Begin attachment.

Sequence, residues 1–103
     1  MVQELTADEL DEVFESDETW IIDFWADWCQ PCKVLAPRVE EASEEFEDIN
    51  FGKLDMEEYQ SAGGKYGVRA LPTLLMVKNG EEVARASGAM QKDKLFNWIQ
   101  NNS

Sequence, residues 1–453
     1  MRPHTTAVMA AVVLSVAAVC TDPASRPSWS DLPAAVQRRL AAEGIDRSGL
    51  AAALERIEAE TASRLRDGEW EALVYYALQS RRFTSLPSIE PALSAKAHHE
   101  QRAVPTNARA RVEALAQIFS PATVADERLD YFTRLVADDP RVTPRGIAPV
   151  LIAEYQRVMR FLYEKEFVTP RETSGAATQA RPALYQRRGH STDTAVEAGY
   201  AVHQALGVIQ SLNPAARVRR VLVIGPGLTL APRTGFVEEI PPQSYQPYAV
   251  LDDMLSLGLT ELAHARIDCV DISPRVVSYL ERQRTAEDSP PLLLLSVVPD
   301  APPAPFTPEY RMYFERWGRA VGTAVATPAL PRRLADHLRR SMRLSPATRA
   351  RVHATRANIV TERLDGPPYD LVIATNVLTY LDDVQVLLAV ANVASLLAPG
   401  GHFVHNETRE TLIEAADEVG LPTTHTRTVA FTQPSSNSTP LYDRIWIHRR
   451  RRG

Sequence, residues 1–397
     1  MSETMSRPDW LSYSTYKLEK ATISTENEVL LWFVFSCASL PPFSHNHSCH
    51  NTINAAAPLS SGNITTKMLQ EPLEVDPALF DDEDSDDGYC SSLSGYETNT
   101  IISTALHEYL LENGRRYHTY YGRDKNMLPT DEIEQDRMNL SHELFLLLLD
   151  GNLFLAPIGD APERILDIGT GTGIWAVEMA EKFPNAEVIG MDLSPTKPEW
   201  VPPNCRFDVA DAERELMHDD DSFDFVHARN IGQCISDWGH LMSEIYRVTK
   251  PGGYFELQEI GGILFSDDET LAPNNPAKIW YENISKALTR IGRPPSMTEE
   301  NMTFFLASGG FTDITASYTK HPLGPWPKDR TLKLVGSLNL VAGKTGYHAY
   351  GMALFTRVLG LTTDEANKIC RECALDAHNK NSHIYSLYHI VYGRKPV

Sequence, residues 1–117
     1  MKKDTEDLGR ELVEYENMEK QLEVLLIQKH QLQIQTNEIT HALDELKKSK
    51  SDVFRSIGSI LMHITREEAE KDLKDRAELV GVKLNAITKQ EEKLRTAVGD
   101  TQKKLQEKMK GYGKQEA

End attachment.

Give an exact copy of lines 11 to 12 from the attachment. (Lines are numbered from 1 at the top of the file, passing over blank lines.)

   251  LDDMLSLGLT ELAHARIDCV DISPRVVSYL ERQRTAEDSP PLLLLSVVPD
   301  APPAPFTPEY RMYFERWGRA VGTAVATPAL PRRLADHLRR SMRLSPATRA